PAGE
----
The draft Registration of Overseas Entities Bill (the Bill) was published on 23 July 2018. It makes provision for the establishment of a register of the beneficial owners of overseas companies and other legal entities owning land in the UK (the Register). The Bill sets out provisions relating to the creation and the updating of such Register, which is to be held and maintained by Companies House. The stated purpose of this proposed legislation is to combat the use of land in the UK by overseas entities for the purposes of laundering money or investing illicit funds. The Bill seeks to do this by increasing transparency regarding the beneficial ownership of any overseas legal entities owning land in the UK.
The UK has historically been a major destination for foreign direct investment (FDI), and the real estate sector has been a significant beneficiary of this FDI. A substantial amount of this FDI has been in the name of overseas registered companies – the true ownership of which, for various reasons, both nefarious and legitimate, has remained clouded in mystery.
The Bill requires any overseas entity that currently owns property (see below) or wishes to own land in the UK to take steps to identify their beneficial owner(s) and to disclose the identity of such to Companies House. The information required to be delivered to Companies House (in the case of individual beneficial owner(s)) includes; (a) name, date of birth and nationality; (b) usual residential address; (c) a service address and (d) the date on which the individual became a registrable beneficial owner in relation to the overseas entity. Thereafter such registered overseas entity is required to keep such records of beneficial ownership held at Companies House updated annually, until such time as it successfully applies to be removed from the live register of overseas entities. The Bill requires any “legal entity” (other than a government or public authority) to disclose its beneficial ownership if it is a “registrable beneficial owner” of property in the UK.
The purpose of this legislation also has to be viewed in the context of UK Government proposals relating to the taxation of gains made by non-UK residents on disposals of UK property and the Bill supports the requirement of the UK Government to “know who to tax”.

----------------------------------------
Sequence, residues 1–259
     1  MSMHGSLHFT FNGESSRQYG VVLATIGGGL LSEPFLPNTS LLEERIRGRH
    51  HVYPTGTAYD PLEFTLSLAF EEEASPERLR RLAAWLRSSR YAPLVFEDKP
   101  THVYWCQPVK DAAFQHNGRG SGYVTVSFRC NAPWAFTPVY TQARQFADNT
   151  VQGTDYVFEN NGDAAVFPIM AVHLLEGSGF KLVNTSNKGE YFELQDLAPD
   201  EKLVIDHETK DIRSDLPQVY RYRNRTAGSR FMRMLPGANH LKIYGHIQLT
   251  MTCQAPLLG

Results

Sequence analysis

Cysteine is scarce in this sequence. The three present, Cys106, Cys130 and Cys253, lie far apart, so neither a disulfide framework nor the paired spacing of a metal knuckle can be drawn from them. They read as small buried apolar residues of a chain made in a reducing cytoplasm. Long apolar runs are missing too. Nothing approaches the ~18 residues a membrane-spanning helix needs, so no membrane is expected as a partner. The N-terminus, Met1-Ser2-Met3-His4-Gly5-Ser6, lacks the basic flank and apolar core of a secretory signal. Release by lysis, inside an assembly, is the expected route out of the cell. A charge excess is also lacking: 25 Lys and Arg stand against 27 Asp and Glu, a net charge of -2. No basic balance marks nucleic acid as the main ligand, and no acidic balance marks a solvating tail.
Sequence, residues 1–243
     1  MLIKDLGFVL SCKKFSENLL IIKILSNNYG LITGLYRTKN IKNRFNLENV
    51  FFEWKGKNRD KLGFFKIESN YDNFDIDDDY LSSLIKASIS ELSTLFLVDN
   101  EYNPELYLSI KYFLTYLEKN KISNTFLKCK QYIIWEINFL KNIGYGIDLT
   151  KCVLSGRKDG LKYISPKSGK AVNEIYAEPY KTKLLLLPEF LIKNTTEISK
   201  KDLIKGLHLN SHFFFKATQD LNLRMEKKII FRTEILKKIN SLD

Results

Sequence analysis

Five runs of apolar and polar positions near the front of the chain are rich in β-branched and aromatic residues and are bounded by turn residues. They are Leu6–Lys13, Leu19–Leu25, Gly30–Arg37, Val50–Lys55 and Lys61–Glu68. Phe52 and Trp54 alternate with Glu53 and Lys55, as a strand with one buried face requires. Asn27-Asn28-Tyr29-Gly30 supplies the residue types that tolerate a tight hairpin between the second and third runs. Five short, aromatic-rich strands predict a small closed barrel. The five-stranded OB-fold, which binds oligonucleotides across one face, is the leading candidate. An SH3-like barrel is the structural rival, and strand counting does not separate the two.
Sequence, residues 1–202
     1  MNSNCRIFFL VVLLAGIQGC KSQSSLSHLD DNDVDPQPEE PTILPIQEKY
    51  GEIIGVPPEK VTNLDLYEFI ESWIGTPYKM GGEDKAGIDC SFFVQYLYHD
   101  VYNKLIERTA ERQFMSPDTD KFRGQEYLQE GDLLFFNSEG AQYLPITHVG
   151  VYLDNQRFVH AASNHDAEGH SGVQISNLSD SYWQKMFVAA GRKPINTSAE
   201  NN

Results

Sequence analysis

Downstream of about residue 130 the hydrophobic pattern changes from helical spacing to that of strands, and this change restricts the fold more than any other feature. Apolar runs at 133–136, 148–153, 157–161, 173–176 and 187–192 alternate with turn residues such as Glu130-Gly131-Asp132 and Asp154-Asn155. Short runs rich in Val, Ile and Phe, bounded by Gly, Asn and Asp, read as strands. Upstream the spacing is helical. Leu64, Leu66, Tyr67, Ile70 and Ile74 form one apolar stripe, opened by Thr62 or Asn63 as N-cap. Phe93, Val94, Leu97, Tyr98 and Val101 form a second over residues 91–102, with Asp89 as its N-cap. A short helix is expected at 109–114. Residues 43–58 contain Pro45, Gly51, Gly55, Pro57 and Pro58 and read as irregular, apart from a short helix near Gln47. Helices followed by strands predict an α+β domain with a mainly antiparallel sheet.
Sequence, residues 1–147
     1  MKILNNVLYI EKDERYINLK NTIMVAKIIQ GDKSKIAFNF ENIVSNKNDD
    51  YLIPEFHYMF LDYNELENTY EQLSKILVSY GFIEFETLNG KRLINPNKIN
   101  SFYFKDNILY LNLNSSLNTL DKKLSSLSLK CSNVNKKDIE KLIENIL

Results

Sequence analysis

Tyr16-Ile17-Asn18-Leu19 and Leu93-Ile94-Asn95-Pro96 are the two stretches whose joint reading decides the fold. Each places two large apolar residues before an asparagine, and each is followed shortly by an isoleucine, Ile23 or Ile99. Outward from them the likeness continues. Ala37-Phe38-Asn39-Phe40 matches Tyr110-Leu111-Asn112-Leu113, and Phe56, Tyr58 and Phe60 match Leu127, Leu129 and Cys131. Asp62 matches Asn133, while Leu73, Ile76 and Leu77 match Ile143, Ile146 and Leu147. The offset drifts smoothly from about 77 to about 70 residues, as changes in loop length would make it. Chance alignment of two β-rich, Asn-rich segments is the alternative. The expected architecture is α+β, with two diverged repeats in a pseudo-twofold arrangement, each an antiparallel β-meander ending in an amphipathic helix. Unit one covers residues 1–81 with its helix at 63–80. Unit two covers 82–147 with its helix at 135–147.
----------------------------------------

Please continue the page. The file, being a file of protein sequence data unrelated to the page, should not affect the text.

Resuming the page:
To comply with the updating duty, the overseas entity will have to annually deliver updated information (or confirm that the information in relation to it on the overseas entities register is up-to-date) and provide statements as to compliance. Failure to provide an update on the information held on the register is an offence under the Bill, as is delivering (or causing to be delivered) misleading, false or deceptive information.
Enforcement – Disclose or dispose!
To enforce the provisions of the Bill, the key “stick” is that the Bill imposes a requirement on the land registrar, such that the registrar must enter a restriction preventing dealings in the title register (the effect of the required restriction will be to prohibit the registration of certain dispositions in relation to the Property unless the overseas entity is “a registered overseas entity” at the time of the disposition (or is exempt)).
The Bill affects existing overseas entities registered as proprietors of land in the UK. The requirement upon the registrar to register such a restriction applies if the registrar is satisfied that: (a) an overseas entity is registered as the proprietor of the property; and (b) the overseas entity became registered as the proprietor (in the case of property located in England or Wales) in pursuance of an application made on or after 1 January 1999.
The failure of an overseas entity to be duly registered with Companies House (as a “registered overseas entity”) will mean;
(i) the overseas entity will be unable to register itself as proprietor of land in the UK at a Land Registry in the case of any property acquired ; and
(ii) certain dispositions made by an overseas entity that is an existing proprietor will not be capable of registration at the land registries.
Any existing overseas entity that is currently the registered proprietor of property (and has been so since, on, or after 1 January 1999 but before the commencement date of the Bill) will have a period of 18 months from the commencement date of the legislation to either (1) complete its registration in the overseas entities Register, or (2) dispose of the property owned by it. Transitional provisions will ensure that any third party who inspects the title register where the proprietor is an overseas entity will see the restriction on the title register and will be able to take the restriction into account when considering whether to enter into a contract (for a disposal of or charge over the qualifying estate) with the overseas entity.
In practice, therefore, a failure to register with Companies House, or to comply with the updating duty, will in most cases result in the relevant overseas entity not being able to either sell or lease the land, or create a charge over it as any chargee/disponee would be unable to register the disposition with the relevant land registry.
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